I wasn’t ready to give up on running completely since the pain kept coming and going. There were moments of ache-free bliss, and then there were spontaneous pain wars in my intestines. So my new plan was to still cover the distance Coach Cane had in mind for me — roughly 7 miles — trying to maintain marathon goal pace.
My total running time was 1:01.
My total time in Central Park: 2 hours.
I was only running for half the time I was out. The other hour — 59 minutes, to be exact — was spent walking and bathrooming.
That is not what I call “ideal marathon training.”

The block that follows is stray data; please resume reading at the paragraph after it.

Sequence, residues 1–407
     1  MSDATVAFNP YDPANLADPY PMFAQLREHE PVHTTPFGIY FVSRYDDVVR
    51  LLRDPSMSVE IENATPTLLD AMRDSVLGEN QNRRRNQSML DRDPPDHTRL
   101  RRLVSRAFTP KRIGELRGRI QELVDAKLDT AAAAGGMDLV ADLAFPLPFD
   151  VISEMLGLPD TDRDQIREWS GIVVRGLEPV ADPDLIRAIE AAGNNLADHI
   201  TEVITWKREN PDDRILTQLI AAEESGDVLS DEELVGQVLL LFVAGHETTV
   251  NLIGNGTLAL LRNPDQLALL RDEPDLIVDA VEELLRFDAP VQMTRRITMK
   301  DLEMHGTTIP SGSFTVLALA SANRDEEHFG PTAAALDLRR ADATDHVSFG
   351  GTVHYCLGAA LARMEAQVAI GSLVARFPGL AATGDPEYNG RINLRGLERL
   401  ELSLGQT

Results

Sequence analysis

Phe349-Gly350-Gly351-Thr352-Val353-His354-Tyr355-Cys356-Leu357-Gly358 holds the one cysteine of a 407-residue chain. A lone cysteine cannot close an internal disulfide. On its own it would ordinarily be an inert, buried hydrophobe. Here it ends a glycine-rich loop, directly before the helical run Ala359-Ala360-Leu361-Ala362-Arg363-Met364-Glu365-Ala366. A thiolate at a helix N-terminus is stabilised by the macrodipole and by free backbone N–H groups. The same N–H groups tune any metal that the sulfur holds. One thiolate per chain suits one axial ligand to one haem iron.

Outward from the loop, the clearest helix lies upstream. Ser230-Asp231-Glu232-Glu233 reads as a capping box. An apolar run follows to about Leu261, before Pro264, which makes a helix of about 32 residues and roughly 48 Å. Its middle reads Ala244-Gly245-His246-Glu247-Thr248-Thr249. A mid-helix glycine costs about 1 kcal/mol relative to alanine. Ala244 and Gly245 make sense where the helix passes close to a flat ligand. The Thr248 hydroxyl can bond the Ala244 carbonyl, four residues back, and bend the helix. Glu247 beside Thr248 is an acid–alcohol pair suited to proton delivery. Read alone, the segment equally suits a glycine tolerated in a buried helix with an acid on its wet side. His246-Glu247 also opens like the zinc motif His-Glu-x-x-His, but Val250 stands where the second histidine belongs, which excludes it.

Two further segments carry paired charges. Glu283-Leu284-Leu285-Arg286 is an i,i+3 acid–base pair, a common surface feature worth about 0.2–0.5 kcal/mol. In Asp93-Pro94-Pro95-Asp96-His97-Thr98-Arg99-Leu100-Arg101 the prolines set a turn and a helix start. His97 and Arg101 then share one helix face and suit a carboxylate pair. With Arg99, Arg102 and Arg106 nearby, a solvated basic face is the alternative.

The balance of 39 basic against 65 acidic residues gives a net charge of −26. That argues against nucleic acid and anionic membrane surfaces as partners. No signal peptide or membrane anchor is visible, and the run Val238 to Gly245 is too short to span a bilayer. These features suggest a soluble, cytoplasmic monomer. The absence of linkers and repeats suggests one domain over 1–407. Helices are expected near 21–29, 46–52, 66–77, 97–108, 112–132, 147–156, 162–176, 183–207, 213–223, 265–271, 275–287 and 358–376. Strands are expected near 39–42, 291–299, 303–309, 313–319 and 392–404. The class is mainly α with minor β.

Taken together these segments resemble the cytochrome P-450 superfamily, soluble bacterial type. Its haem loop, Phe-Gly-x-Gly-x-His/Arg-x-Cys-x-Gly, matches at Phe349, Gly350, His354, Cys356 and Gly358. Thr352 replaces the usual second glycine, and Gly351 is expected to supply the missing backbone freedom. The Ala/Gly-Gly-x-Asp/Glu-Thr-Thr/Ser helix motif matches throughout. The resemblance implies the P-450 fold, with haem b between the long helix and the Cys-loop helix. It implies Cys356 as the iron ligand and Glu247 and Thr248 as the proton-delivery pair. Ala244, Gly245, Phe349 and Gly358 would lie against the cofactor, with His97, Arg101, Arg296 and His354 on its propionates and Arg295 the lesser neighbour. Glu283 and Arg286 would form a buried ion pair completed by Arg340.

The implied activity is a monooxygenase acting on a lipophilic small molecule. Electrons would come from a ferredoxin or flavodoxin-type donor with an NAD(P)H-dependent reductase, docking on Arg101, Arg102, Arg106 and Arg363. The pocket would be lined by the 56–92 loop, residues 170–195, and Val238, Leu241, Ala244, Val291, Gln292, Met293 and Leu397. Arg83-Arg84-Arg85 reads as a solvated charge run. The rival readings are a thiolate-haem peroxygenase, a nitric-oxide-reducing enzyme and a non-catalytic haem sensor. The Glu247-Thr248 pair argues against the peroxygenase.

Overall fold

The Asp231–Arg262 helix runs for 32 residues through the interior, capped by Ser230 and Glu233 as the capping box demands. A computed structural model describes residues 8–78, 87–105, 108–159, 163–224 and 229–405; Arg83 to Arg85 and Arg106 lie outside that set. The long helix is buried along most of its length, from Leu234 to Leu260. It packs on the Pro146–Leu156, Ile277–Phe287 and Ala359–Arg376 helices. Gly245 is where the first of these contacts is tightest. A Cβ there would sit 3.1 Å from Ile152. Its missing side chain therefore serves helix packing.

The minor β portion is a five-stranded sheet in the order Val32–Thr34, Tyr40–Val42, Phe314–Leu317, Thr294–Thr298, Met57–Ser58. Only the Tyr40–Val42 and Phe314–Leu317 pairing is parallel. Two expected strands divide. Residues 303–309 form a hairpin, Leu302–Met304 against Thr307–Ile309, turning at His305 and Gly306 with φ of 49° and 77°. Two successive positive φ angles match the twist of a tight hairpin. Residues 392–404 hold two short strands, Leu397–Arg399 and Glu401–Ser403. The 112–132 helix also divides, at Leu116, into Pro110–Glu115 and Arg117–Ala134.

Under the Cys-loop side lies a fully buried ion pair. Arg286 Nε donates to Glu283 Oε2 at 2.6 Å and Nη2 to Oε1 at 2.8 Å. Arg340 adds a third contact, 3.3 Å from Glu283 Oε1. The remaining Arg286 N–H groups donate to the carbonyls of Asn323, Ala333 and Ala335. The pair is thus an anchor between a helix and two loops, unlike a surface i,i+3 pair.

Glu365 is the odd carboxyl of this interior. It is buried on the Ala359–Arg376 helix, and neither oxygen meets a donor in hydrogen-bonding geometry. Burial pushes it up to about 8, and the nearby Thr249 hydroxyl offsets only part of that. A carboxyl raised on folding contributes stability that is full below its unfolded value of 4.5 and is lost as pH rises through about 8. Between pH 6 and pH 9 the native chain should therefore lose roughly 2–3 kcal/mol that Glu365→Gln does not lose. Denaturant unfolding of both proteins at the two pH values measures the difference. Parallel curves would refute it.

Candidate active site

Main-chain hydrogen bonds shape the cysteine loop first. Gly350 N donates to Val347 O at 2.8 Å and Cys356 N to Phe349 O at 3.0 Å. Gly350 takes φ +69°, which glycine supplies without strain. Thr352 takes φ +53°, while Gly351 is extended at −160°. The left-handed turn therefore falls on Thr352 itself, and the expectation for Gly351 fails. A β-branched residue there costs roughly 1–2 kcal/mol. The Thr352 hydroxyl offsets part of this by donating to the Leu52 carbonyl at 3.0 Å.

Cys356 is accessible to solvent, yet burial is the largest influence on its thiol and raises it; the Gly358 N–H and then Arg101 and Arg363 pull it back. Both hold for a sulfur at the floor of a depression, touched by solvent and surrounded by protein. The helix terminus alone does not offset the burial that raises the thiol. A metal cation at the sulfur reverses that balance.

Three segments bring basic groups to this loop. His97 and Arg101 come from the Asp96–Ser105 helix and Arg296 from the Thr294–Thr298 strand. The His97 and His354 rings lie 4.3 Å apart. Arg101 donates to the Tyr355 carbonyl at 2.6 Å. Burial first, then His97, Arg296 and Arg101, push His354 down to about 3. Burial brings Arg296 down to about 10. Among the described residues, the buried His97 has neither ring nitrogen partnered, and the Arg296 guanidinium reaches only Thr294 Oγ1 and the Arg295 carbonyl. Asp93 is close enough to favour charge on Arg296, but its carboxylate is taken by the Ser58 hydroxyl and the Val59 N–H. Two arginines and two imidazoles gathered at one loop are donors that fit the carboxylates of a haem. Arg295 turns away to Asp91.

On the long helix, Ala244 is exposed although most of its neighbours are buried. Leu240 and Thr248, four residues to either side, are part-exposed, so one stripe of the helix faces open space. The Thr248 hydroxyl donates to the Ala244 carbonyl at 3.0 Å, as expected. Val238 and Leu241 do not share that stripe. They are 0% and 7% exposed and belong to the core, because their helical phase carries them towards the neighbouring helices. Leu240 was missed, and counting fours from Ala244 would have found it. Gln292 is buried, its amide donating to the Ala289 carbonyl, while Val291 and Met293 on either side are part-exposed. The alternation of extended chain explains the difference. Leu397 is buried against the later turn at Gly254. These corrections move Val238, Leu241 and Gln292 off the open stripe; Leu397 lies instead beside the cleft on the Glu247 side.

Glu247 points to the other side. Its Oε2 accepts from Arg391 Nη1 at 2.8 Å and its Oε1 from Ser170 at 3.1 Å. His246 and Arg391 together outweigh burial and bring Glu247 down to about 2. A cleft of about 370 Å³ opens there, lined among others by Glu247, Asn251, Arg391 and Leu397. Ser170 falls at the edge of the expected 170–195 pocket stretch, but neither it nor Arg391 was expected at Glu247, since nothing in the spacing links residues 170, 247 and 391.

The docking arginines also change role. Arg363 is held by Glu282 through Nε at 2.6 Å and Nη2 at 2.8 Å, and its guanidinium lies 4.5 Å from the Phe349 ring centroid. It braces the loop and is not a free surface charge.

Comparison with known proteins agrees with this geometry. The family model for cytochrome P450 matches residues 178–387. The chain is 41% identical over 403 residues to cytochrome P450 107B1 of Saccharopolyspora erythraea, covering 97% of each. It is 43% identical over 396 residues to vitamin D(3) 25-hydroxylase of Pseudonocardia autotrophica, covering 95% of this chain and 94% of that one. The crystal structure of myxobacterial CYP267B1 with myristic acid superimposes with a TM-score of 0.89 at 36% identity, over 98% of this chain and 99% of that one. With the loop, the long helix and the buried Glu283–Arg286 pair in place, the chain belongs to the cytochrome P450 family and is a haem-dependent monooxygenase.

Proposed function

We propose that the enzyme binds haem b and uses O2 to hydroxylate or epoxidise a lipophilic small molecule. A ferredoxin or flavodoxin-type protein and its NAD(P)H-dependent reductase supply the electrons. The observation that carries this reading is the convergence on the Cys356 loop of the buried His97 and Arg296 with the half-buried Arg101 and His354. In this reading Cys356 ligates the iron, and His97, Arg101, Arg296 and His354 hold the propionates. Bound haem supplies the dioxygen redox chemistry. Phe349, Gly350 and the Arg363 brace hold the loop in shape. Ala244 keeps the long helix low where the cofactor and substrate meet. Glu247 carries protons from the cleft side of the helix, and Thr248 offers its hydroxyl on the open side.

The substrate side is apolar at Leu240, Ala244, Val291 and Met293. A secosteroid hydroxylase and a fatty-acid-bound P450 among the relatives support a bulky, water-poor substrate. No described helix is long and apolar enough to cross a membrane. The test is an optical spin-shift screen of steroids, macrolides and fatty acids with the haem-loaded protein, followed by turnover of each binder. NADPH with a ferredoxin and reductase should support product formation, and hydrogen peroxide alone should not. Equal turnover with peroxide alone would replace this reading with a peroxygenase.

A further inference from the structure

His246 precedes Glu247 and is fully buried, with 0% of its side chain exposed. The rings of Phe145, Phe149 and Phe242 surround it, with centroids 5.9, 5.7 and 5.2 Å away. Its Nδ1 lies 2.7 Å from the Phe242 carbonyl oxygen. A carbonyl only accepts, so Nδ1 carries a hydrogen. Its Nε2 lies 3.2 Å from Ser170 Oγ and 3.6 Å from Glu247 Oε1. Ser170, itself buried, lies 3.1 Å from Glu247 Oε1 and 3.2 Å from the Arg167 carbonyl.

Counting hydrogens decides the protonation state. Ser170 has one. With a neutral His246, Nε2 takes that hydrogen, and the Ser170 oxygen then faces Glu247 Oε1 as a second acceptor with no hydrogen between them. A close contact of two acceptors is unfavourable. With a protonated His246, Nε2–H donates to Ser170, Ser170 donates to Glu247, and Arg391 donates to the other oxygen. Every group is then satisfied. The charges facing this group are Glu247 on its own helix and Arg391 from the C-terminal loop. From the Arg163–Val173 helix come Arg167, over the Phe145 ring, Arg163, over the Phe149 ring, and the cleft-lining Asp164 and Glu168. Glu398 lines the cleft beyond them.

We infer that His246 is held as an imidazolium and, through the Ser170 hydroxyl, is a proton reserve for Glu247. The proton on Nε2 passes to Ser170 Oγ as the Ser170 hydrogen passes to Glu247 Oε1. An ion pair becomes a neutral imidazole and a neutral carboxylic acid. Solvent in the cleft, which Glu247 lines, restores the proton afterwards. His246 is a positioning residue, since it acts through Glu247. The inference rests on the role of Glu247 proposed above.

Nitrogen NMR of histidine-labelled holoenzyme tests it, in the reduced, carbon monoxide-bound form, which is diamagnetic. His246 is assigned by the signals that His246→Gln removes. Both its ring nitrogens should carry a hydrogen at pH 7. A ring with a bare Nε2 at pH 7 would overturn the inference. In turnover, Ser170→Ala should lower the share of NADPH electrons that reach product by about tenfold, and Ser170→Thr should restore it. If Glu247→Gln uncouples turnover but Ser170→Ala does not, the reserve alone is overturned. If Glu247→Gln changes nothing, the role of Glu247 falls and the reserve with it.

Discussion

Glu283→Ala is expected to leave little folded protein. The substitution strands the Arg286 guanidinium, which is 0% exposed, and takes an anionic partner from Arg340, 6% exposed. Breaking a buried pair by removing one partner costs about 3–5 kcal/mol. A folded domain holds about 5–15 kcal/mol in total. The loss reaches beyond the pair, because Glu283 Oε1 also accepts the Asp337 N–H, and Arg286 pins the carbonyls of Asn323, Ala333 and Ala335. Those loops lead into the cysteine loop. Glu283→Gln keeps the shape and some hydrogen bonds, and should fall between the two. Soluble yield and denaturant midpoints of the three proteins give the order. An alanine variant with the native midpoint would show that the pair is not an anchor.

I wanted to be proud of myself for not giving up entirely, and I do feel that way, but this run was tough. It was especially upsetting for me because at times I felt so good! After the first few stops, I thought I was good to go. I thought I had, literally, gotten it out of my system.
As I walked home from Central Park, I checked my email. My mom spent the past two days babysitting Tyler (Michaela is officially off maternity leave and is back at work, which happened so fast), and she had sent me a bunch of precious photos and videos of my little buddy.
I watched a video of Tyler smiling and being cute as I walked, and I just lost it.
I was upset because I miss Tyler. I hate not being around him more.
I was upset because I thought about all the training runs I’ve done so far to prepare for the New York City Marathon, and not one of those runs has been stop-free. Every single one has included a stomach interruption…or 12.